Published online 9 July 2008 | Nature 454, 149 (2008) | doi:10.1038/454149a


Boyz 2 pipettemen

Lab equipment gets the X factor.

Could these five men persuade you to buy their automated pipette?Could these five men persuade you to buy their automated pipette?COMPARENETWORKS; EPPENDORF

In a dreary, lonely lab a young female postdoc puts down her pipette to massage her aching latexed hands. Sounds like the perfect set-up for a hot new music video. Well at least it does to Tyler Kay, creative director at Compare Networks Production Group (CNPG) in San Francisco, California.

A recent release from CNPG features a group of five winsome young men singing the praises of a new automated pipetting system called epMotion, made by international biotech company Eppendorf. As the lab heroine is whisked to a beach under the Golden Gate Bridge, the band members gyrate around her and her glasses are shed along with her inhibitions, just before the chorus. “Girl you need epMotion” (whispered: “yeah girl it's time to automate.”)

“I had to listen to a whole lot of boy-band songs. I started to gain an appreciation for it.”

Stefanie Noehren, online project manager at Eppendorf in Hamburg, says the company was looking for a 'viral marketing' campaign that would spread the word about the epMotion product rapidly through the Internet. And CNPG, the video production company of online biotech marketers Biocompare, was the obvious choice. In January, it created a minor internet sensation with The PCR Song by the mock group, Scientists for Better PCR — PCR (the polymerase chain reaction) is a lab technique used to amplify DNA. This advertisement from Bio-Rad Laboratories, based in Hercules, California, was styled after megastar group recordings of the 1980s like Band Aid's chart topping Do They Know It's Christmas. In The PCR Song, crooners mawkishly sing their way through lyrics like: “PCR, when you need to find out who the daddy is (who's your daddy?)” In the finale, one singer lovingly smooches a thermal cycler.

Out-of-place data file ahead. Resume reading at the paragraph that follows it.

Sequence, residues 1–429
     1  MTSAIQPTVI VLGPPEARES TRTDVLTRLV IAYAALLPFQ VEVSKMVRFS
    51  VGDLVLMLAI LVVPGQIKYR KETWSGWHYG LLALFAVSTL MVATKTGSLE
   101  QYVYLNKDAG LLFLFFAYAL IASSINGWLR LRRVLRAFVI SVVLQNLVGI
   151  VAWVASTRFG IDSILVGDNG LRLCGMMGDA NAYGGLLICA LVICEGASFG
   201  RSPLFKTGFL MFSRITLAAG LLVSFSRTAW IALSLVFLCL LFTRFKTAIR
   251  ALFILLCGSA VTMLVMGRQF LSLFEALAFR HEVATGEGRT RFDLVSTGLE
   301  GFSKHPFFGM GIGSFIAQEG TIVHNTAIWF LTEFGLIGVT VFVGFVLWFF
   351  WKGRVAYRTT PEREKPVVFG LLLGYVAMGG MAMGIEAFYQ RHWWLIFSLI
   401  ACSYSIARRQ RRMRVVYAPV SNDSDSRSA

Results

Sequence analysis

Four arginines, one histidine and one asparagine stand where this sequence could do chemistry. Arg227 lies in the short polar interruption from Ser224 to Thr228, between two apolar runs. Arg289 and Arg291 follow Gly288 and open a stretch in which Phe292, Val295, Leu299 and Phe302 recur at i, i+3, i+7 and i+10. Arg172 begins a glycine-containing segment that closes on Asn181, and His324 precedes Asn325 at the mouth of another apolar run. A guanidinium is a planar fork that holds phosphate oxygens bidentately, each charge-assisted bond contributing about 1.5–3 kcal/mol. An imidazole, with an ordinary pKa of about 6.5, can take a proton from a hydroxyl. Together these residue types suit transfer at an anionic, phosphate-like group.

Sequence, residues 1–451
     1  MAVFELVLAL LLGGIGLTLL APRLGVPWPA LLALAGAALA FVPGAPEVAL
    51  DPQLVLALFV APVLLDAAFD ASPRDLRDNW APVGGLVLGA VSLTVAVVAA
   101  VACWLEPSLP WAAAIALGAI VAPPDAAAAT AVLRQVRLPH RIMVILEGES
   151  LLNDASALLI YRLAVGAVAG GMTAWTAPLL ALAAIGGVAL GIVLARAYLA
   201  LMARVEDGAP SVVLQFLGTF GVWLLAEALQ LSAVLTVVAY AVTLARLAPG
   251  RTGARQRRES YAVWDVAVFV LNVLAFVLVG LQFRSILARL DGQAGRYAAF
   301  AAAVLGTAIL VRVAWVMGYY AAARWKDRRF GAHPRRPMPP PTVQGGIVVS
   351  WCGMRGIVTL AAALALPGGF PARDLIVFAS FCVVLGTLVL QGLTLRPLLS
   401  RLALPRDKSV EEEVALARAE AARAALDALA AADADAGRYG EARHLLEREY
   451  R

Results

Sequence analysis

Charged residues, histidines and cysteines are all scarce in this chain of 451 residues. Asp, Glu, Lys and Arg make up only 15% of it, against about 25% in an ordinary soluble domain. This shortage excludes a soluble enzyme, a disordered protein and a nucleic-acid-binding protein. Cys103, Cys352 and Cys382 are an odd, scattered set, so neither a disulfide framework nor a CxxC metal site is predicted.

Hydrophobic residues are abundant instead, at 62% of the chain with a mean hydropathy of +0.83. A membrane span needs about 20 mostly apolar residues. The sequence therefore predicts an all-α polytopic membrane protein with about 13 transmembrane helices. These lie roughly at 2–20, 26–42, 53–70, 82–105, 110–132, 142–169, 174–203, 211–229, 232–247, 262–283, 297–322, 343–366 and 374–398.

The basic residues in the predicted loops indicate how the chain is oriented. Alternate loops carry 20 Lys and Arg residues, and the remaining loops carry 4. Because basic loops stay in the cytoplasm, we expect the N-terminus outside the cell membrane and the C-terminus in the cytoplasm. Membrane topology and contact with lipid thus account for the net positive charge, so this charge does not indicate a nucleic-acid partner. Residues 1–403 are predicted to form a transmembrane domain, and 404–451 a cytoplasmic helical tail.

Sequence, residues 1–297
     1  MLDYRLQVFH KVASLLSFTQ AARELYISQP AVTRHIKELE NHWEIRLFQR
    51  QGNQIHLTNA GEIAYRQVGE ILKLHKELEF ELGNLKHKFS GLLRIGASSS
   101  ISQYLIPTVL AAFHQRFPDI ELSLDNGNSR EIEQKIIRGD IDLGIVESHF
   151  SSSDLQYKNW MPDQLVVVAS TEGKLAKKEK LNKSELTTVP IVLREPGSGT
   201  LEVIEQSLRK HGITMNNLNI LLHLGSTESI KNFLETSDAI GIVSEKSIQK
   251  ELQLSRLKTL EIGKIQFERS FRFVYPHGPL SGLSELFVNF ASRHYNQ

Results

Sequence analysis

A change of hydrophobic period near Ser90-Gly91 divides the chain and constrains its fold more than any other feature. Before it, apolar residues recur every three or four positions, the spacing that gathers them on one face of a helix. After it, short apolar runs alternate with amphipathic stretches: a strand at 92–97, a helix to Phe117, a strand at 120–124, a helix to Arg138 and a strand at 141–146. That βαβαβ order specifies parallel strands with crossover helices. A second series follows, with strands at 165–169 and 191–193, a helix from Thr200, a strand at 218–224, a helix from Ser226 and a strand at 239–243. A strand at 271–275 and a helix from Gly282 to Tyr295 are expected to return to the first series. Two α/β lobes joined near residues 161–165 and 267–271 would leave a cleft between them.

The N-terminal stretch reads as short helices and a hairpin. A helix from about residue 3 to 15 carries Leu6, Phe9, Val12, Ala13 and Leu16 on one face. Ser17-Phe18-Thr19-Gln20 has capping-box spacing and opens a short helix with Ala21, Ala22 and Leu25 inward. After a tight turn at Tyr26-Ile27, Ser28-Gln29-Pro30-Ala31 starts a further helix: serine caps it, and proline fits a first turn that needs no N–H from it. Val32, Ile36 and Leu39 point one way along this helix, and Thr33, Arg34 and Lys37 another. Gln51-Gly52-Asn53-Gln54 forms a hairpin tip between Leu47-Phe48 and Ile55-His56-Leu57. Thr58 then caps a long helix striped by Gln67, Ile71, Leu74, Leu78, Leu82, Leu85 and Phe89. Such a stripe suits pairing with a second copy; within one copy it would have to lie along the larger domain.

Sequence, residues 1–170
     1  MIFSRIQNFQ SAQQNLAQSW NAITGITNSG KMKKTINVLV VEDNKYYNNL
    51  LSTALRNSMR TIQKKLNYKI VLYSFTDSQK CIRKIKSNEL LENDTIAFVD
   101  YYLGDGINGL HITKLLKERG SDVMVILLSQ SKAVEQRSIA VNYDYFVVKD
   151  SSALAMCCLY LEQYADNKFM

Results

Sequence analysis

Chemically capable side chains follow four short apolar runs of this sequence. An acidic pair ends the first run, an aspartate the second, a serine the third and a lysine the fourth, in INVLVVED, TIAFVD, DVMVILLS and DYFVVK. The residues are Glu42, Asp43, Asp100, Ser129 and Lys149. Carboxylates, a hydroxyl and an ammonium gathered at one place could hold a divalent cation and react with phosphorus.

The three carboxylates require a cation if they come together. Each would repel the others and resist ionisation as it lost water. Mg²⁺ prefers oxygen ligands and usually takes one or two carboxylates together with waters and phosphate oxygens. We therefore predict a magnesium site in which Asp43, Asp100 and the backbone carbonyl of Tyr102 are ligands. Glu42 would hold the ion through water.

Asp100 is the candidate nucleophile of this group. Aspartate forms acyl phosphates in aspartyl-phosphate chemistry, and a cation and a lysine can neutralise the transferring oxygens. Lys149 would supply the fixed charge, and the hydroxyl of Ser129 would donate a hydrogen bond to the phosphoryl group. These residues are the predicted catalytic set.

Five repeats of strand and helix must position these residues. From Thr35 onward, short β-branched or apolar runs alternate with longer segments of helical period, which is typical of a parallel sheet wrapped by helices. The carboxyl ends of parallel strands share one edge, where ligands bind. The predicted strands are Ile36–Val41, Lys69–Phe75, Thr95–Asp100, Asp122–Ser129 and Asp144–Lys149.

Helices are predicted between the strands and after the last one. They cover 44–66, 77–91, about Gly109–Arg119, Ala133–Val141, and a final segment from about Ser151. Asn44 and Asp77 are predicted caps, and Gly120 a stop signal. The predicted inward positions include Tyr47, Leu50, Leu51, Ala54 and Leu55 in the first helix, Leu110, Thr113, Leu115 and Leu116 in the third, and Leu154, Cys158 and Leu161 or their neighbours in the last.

“That thing took a life of its own,” says Kay. It attracted more than 700,000 web-page views and spawned several homage videos from fans, singing or lip-synching the words. At Eppendorf, says Noehren, marketers decided in March to try out the music video format, this time aping one of the prototypical manufactured male pop groups known colloquially as boy-bands — standard-bearers include 'N Sync, Take That, 98° and the Backstreet Boys.

Kay, a self-taught film-maker with Biocompare since near its inception, wrote the song with a list of product features and intense background research. “I had to listen to a whole lot of boy-band songs,” says Kay. “I started to gain an appreciation for it. Those guys really know how to crank out the hits on a few chords.” The result is It's Called epMotion, a saccharine-sweet parody of songs like 98°'s Because of You. Next they needed a band to sing it.


In the true tradition of boy-band manufacture, the members represent a variety of races and styles: the tough-looking Asian, the Latin lover, the bad-boy surfer, the African American with a winning smile and an odd-looking skinny one with a surprisingly deep voice. The result is a slick, if inexpensively produced video. The cost to Eppendorf for the video was just US$50,000, says Noehren.

But does it sell the product? Amy Wagers at Harvard's Joslin Diabetes Center in Boston, Massachusetts, says “It didn't tell me much about the product, if that's what they were going for, but it's working in that now I've gotten two of these videos via e-mail.” YouTube shows nearly 22,500 views and counting. More may have found the video through other sites, and Noehren says a comparable number has clicked through to the website since the video was launched in early June. “We are quite satisfied,” she says. 

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